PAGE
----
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Exporting the Library for IDE Use

While LUFA was designed to allow for easy compilation in a makefile driven environment, it is possible to export the library into a form suitable for drop-in use inside of an IDE.

Exporting the Library

An export of the library is at its most basic, a direct copy of the main "LUFA" source folder from the root download folder; this contains the library core which can be re-used within external projects. However, as many IDEs attempt to automatically compile all included source files, it is neccesary to exclude some directories and files from the library core export to allow for easier integration into an IDE project.

Manual Export

To manually export the library core, copy over the main LUFA library folder from the LUFA root directory, renaming as desired. Within the library core folder, the following directories should be removed or excluded from your IDE import:

  • Documentation/
  • DoxygenPages/
  • CodeTemplates/

If required, files from the CodeTemplates/ subdirectory may be copied to your IDE project as needed.

The resulting copy of the library may then be imported into your chosen IDE according to the instructions shown in Importing the Library.

Automatic Export

If desired, the steps indicated in Manual Export may be automatically performed, by running the command make export_tar from the command line. This will generate two .tar files in the current directory, named LUFA_YYMMDD.tar and LUFA_YYMMDD_Code_Templates.tar (where "YYMMDD" is the version of the library being exported). The first archive contains the exported LUFA core with the non-required files removed, while the second contains an archived copy of the code template files for the current LUFA version.

The resulting archived copy of the library may then be extracted to your chosen IDE project source directory and imported according to the instructions shown in Importing the Library.

Importing the Library

An exported copy of the library may be imported wholesale into an IDE project, if the instructions detailed in Exporting the Library are followed.

Specific instructions for importing an exported version of LUFA into various IDEs are listed below.

Importing into AVRStudio 5/Atmel Studio 6

To import LUFA into a new or existing project, the following steps must be followed.

Copy over the exported library

Copy over the exported library archive created via the steps listed in Exporting the Library to your AS5/AS6 project directory.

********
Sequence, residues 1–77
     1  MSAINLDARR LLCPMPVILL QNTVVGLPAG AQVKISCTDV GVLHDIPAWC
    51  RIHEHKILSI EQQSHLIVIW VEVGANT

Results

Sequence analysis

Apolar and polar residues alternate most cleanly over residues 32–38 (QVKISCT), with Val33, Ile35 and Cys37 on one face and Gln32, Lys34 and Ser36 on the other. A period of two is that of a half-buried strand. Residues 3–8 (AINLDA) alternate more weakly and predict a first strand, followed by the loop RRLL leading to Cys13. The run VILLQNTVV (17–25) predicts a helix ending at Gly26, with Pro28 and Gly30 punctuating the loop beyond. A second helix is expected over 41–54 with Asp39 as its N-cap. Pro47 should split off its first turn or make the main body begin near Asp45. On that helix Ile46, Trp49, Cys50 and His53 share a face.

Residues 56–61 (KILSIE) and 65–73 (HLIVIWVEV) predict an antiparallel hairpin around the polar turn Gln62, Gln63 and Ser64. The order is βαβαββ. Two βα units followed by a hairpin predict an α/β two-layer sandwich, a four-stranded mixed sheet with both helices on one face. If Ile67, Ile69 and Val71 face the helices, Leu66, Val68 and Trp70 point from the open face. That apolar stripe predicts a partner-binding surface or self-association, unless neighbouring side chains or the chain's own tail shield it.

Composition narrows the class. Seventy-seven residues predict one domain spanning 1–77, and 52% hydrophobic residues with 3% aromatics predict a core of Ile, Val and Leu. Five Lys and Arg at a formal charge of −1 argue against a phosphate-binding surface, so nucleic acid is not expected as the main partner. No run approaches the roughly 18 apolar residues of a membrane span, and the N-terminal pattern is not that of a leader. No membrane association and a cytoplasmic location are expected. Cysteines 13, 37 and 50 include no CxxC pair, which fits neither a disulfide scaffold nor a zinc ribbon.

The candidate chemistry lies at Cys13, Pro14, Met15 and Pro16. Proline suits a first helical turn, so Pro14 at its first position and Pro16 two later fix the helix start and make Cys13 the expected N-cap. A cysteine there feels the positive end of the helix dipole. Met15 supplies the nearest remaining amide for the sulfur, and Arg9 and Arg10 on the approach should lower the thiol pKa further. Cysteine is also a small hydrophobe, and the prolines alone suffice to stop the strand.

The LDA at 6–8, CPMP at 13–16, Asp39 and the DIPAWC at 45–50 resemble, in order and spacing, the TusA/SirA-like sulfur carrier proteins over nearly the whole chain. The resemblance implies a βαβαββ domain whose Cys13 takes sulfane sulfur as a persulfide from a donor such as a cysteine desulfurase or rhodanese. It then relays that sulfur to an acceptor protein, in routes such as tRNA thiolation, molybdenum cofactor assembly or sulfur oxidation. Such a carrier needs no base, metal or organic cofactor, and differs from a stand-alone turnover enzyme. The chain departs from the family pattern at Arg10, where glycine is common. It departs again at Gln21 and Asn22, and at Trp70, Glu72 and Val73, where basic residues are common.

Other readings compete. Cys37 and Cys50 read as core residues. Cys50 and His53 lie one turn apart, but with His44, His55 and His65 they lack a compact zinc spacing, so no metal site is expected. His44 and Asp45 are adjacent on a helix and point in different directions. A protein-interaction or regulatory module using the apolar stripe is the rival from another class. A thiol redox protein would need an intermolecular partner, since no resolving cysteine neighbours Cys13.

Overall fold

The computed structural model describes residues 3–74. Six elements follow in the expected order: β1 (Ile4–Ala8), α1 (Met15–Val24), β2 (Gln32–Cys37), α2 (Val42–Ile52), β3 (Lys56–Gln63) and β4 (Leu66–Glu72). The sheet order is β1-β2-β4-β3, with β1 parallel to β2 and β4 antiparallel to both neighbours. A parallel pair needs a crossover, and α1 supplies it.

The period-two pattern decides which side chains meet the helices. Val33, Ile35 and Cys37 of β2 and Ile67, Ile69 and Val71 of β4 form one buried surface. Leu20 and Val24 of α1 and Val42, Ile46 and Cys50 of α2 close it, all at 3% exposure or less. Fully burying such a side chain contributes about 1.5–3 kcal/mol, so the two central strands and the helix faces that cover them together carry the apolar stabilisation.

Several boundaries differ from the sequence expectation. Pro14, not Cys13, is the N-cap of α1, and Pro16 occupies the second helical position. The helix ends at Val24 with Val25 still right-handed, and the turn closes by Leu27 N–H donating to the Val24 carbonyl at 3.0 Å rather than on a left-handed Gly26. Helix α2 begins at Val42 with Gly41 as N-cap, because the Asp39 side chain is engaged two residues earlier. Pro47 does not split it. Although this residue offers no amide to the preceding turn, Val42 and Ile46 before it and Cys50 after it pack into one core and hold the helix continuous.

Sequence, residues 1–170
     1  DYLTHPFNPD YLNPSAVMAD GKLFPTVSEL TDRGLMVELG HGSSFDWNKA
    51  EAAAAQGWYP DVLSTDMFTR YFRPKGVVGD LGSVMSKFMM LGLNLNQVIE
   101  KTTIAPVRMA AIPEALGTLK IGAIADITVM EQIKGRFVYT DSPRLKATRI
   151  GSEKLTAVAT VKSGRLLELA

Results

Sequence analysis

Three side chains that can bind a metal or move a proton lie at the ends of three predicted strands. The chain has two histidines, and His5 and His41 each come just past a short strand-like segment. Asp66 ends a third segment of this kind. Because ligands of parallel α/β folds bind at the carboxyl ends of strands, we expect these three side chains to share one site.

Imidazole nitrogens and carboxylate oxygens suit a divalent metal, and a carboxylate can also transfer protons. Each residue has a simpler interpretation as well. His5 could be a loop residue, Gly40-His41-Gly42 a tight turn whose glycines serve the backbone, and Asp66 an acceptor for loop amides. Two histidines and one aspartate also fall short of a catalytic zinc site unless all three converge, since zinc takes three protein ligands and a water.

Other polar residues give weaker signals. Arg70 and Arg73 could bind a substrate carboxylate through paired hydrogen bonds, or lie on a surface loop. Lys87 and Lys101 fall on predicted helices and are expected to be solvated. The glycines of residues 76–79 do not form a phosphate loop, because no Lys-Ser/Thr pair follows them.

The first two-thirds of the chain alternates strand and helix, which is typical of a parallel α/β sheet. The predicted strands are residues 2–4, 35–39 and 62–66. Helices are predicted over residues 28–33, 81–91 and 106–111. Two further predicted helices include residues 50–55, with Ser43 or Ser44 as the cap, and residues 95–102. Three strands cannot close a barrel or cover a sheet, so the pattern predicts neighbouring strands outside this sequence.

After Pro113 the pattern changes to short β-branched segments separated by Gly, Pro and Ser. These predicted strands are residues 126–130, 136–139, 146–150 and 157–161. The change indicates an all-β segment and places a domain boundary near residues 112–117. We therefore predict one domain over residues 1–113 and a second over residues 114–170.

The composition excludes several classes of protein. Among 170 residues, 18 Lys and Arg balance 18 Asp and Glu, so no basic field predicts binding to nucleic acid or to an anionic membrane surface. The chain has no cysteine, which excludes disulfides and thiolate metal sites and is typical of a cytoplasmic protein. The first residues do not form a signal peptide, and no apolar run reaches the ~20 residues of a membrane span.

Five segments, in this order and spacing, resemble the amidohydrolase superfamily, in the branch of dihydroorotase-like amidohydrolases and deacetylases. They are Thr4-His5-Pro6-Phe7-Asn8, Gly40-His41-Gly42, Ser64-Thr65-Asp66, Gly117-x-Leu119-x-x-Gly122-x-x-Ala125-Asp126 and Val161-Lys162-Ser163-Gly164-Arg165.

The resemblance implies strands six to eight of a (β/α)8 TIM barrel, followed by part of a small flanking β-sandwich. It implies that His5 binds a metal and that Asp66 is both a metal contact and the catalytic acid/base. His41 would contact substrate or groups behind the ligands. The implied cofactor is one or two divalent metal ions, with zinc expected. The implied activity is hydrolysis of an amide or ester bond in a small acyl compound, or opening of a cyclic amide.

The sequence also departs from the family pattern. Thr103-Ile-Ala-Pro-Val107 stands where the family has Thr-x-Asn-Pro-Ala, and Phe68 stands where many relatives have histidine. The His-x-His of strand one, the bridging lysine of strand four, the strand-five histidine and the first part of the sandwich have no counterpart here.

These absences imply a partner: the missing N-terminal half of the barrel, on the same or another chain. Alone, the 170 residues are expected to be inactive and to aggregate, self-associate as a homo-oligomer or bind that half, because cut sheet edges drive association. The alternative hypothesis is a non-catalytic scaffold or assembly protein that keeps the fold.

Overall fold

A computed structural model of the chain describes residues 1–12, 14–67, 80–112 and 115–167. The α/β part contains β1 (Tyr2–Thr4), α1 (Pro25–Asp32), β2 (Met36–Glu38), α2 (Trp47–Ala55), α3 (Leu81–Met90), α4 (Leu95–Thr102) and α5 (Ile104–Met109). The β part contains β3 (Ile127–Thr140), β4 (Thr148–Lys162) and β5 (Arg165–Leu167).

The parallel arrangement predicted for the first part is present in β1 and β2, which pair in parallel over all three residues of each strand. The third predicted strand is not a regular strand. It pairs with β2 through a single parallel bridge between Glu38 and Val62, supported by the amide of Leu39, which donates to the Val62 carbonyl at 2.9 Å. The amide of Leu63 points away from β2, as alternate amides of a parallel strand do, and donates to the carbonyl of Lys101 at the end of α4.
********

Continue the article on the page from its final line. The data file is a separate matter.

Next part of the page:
Extract exported library

Extract out the contents of the archive to a new folder. This may be any name you wish, however keep in mind that this name will need to be referenced within your user application under most circumstances. It is suggested that this folder be named "LUFA", or "LUFA" followed by the version string for easy reference.


Add the library files

Open your AVRStudio 5/Atmel Studio 6 project. From the "Solution Explorer" pane, click the "Show All Files" button on the toolbar to display ghosted icons of files and folders located in the project source directory that are not currently added to the project.


Right-click the ghosted version of the extracted LUFA export folder in the Solution Explorer pane, and choose the "Add to Project" option from the context menu. This will add the entire LUFA source tree to the current project.

Open Project Toolchain Properties

In the Solution Explorer pane, click the project node, and press the "Properties" button in the toolbar to open the Project Properties window. This window allows you to configure the various project global compiler, assembler and linker options.


Click the "Toolchain" tab on the left side of the Project Properties window.

Configure Project Toolchain Properties

In the GNU C Compiler section, open the "Symbols" page. Click the "Add Item" button to the top-right of the "Defined Symbols" section to add new symbols.

At a minimum, you will need to define the following symbols (for more information on these symbols, see Configuring the Demos, Bootloaders and Projects):

  • ARCH
  • F_CPU
  • F_USB

Next, open the GNU C Compiler section's "Optimization" page. Ensure that the option to prepare functions for garbage collection is enabled.


Finally, in the GNU C Linker section, open the "Optimization" page. Ensure that the option to garbage collect unused sections is selected.